||And the king saw there two Brahmana sages named Yaja and Upayaja, both of rigid vows and souls under complete control and belonging to the most superior order.
||Ascertaining the superior accomplishments of the younger of the two the king courted in private Upayaja of rigid vows, by the offer of every desirable acquisition.
||Employed in paying homage to the feet of Upayaja, always addressing in sweet words and offering him every object of human desire, Drupada, after worshipping that Brahmana, addressed him one day, saying, O Upayaja, O Brahmana, if thou, performest those sacrificial rites by virtue of which I may obtain a son who may slay Drona, I promise thee ten thousand kine, or whatever else may be agreeable to thee, O first of Brahmanas, truly am I ready to make gifts to thee'
||Then, after the expiration of a year, Upayaja, that first of Brahmanas, O monarch, addressing Drupada in sweet tone, said, My elder brother Yaja, one day, while wandering through the deep woods, took up a fruit that had fallen upon a spot the purity of which he cared not to enquire about.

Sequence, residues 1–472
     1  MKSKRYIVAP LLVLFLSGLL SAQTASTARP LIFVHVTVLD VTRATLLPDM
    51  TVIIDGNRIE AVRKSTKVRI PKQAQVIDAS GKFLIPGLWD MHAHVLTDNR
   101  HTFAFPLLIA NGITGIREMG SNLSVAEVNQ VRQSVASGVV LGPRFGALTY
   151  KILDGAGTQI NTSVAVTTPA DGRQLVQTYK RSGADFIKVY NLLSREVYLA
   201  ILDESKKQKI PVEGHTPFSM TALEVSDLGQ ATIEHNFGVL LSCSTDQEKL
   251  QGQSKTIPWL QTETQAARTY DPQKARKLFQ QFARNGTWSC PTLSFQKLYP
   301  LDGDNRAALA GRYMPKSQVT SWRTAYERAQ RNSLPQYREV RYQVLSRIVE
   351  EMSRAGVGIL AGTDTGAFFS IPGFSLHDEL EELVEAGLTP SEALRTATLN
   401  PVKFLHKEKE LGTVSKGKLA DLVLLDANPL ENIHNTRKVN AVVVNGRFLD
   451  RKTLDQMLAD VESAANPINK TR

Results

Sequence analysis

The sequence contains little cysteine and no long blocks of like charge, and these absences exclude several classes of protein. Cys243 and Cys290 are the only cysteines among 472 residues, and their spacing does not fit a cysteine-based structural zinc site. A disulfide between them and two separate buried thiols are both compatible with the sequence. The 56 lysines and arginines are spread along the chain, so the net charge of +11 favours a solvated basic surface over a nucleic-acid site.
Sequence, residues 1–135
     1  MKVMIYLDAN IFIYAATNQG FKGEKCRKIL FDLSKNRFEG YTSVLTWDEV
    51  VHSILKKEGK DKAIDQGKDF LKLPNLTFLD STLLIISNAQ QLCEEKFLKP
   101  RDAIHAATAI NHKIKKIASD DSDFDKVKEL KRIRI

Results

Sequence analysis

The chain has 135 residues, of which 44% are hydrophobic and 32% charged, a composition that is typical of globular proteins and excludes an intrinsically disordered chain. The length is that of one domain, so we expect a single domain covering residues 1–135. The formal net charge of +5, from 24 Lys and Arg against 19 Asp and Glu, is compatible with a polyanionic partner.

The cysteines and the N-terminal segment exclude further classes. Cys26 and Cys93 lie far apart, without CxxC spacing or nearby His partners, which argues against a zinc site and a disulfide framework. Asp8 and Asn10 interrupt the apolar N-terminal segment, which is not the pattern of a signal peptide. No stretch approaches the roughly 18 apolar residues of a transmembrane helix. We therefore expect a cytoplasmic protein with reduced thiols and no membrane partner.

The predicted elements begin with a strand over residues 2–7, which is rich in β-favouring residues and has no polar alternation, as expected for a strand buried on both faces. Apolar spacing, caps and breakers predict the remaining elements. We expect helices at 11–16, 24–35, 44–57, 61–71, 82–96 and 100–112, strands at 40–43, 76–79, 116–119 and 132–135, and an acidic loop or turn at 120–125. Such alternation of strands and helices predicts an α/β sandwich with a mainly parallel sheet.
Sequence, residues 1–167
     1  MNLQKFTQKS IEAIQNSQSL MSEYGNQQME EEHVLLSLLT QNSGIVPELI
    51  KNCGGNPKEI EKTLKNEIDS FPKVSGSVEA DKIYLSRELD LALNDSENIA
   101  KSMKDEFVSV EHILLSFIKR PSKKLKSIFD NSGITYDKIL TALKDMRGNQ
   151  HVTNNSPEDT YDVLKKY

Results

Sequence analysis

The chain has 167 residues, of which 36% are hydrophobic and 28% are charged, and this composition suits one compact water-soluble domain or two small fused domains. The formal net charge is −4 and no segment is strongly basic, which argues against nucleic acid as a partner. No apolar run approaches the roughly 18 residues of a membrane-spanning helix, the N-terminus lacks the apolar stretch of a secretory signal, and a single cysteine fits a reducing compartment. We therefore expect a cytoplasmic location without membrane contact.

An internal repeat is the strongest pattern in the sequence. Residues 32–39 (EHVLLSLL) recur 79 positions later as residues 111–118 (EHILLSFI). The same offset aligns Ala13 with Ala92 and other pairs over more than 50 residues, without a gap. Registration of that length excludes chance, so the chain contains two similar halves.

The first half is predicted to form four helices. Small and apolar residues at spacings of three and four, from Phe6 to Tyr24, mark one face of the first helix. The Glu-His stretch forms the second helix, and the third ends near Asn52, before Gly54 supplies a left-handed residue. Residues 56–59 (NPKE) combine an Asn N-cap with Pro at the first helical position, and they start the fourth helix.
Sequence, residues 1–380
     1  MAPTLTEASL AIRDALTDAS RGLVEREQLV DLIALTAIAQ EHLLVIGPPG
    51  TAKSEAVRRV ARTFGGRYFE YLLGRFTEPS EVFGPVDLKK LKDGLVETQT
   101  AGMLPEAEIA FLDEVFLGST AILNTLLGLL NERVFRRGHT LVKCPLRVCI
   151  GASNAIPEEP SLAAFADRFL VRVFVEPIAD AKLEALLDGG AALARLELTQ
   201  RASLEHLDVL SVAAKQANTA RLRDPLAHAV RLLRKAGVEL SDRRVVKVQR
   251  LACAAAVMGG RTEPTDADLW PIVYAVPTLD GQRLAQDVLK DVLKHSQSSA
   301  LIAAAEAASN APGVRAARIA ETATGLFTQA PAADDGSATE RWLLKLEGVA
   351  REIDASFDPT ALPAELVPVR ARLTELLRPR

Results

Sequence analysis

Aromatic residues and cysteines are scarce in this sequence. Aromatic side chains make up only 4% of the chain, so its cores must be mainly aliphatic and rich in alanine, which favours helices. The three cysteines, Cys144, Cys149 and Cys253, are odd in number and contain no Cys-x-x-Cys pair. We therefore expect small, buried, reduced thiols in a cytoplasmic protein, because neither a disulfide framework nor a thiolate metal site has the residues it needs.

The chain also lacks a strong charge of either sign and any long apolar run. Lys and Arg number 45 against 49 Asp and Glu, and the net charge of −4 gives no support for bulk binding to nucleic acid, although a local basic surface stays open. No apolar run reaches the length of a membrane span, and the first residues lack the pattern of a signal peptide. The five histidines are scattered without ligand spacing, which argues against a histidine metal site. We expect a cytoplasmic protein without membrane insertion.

||Hearing these words of Upayaja, king Drupada, though entertaining a low opinion of Yaja, nevertheless went to his abode.
||And knowing the affair to be a very grave one, he asked the assistance of Upayaja who coveted nothing.
||Then the great ascetic Upayaja spoke unto king Drupada of everything required for the grand sacrifice by aid of fire from which the king was to obtain offspring.
||Aided by the ascetic power of Yaja and Upayaja, Drupada obtained from the sacrificial fire a son named Dhrishtadyumna and a daughter, viz, the faultless Krishna, both risen from the sacrificial platform.
|Reference:- Mahabharata of Krishna Dwaipayana Vyasa, translated to English by Kisari Mohan Ganguli; Source of Plain Text: www.sacred-texts.com; Wikified at AncientVoice.